Disclosure

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Disclosure

A company's release of all information pertaining to the company's business activity, regardless of how that information may influence investors.

Disclosure

The voluntary or required release of information relevant to a security, company, fund, or anything else. In order to be listed on an exchange, a company must provide disclosure on itself by registering with the SEC and abiding by regulations that govern what information about itself that the company releases. Disclosure exists to prevent price manipulation and anything else that would disrupt the efficiency of trade. See also: Transparency.

disclosure

The submission of facts and details concerning a situation or business operation. In general, security exchanges and the SEC require firms to disclose to the investment community the facts concerning issues that will affect the firms' stock prices. Disclosure is also required when firms file for public offerings. See also full disclosure.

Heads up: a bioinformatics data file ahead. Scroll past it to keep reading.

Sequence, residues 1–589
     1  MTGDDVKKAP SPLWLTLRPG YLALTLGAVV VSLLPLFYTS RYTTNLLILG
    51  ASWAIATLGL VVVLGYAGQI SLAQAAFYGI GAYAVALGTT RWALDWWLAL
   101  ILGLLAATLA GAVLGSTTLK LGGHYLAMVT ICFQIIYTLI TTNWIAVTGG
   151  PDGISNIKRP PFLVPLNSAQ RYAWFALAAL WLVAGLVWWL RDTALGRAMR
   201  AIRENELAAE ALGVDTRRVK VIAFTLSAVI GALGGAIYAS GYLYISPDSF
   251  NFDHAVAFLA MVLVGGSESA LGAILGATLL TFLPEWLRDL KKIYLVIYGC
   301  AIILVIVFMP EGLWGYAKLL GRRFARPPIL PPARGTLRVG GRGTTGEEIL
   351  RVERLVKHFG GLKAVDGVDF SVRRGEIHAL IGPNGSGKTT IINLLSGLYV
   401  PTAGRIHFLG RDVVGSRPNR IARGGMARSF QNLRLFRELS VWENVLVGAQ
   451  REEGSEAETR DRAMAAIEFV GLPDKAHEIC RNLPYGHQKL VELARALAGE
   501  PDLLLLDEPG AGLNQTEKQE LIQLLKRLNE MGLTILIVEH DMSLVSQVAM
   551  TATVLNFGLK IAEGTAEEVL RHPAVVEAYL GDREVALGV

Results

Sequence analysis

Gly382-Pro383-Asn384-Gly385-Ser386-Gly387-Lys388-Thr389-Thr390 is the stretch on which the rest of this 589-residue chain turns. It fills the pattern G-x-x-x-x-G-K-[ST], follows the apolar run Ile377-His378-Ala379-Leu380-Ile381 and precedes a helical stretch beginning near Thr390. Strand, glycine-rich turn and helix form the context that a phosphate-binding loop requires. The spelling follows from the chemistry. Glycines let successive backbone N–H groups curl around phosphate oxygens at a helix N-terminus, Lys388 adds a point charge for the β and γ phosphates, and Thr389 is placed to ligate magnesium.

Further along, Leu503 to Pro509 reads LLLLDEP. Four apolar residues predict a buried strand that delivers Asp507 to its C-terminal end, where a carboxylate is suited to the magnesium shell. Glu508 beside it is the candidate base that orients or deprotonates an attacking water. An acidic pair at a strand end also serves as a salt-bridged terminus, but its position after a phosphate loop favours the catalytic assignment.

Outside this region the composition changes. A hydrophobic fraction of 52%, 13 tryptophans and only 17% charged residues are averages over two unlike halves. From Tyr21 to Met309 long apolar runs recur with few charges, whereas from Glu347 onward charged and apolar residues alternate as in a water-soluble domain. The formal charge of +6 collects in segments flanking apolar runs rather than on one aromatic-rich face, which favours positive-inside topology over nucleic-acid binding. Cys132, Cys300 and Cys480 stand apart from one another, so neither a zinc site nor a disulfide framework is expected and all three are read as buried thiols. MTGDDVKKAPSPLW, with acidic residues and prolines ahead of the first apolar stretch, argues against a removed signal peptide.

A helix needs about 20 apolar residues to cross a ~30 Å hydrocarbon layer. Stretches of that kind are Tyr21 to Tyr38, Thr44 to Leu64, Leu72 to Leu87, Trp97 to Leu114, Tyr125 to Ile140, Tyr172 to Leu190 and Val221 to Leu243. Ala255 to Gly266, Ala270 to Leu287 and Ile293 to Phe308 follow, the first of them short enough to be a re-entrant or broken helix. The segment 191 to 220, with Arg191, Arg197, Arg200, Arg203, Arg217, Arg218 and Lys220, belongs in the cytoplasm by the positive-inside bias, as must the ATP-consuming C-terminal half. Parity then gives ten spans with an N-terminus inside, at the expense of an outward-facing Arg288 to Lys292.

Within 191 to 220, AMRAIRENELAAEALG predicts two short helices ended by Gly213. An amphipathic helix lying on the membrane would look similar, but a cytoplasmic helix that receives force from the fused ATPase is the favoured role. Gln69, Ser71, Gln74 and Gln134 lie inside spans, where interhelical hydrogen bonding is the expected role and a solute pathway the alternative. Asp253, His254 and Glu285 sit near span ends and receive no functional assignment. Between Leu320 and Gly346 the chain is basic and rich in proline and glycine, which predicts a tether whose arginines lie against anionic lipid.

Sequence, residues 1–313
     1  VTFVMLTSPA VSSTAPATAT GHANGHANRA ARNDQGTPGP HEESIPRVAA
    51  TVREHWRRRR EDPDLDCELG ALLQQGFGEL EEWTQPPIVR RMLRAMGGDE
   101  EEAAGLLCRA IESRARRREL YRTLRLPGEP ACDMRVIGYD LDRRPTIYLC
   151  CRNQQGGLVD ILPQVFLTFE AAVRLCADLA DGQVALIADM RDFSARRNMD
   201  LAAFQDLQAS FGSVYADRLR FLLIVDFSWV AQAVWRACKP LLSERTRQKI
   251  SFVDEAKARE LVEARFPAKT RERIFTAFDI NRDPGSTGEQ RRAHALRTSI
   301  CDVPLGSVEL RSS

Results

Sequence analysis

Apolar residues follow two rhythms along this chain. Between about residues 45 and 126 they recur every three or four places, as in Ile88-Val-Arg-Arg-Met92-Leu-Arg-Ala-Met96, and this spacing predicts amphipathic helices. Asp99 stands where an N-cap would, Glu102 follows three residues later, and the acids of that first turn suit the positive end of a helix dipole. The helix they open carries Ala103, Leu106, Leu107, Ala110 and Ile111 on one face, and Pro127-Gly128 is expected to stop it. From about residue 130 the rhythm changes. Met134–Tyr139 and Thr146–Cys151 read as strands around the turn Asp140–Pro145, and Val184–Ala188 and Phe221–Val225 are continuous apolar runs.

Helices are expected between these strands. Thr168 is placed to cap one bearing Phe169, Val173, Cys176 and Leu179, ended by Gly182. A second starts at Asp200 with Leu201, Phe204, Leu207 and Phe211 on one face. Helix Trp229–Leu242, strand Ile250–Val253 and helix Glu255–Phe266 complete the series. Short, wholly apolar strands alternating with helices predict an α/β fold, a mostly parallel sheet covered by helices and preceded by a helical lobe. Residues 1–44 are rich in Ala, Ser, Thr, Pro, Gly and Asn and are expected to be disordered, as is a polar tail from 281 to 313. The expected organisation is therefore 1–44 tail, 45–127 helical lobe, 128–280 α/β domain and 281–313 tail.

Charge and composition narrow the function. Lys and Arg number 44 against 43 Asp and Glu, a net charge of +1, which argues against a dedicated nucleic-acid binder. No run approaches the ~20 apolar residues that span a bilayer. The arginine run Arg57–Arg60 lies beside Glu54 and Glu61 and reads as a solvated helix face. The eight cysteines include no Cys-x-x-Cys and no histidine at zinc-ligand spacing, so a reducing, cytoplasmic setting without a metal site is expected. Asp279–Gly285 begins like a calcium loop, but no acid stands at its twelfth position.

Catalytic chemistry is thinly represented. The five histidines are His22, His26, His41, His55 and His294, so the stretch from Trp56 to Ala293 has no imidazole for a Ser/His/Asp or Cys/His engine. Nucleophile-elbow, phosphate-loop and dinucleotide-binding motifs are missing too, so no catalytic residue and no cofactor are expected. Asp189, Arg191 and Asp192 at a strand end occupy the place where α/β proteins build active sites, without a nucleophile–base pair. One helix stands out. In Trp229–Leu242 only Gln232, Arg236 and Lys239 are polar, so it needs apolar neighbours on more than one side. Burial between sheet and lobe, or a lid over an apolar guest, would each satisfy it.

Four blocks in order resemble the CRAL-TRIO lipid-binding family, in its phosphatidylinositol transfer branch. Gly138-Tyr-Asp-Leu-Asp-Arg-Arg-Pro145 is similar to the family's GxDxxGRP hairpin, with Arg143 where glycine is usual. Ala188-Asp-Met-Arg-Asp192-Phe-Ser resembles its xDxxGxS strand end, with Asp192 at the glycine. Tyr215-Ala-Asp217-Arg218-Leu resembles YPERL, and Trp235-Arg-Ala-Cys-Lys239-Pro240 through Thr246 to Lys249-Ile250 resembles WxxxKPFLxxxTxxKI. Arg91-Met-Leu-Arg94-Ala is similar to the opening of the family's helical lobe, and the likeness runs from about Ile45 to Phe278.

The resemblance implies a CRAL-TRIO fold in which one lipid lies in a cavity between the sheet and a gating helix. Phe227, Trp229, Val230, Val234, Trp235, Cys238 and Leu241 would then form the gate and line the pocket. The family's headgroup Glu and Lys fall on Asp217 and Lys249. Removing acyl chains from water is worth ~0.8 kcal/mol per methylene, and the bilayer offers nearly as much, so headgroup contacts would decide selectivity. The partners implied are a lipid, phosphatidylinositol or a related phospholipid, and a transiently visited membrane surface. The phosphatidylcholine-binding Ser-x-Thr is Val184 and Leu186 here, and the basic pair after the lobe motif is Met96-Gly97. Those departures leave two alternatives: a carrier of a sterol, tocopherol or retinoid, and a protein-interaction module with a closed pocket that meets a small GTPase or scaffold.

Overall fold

Disclosure.

A disclosure document explains how a financial product or offering works. It also details the terms to which you must agree in order to buy it or use it, and, in some cases, the risks you assume in making such a purchase.

For example, publicly traded companies must provide all available information that might influence your decision to invest in the stocks or bonds they issue. Mutual fund companies are required to disclose the risks and costs associated with buying shares in the fund.

Government regulatory agencies, such as the Securities and Exchange Commission (SEC), self-regulating organizations, state securities regulators, and NASD require such disclosures.

Similarly, federal and local governments require lenders to explain the costs of credit, and banks to explain the costs of opening and maintaining an account.

Despite the consumer benefits, disclosure information isn't always easily accessible. It may be expressed in confusing language, printed in tiny type, or so extensive that consumers choose to ignore it.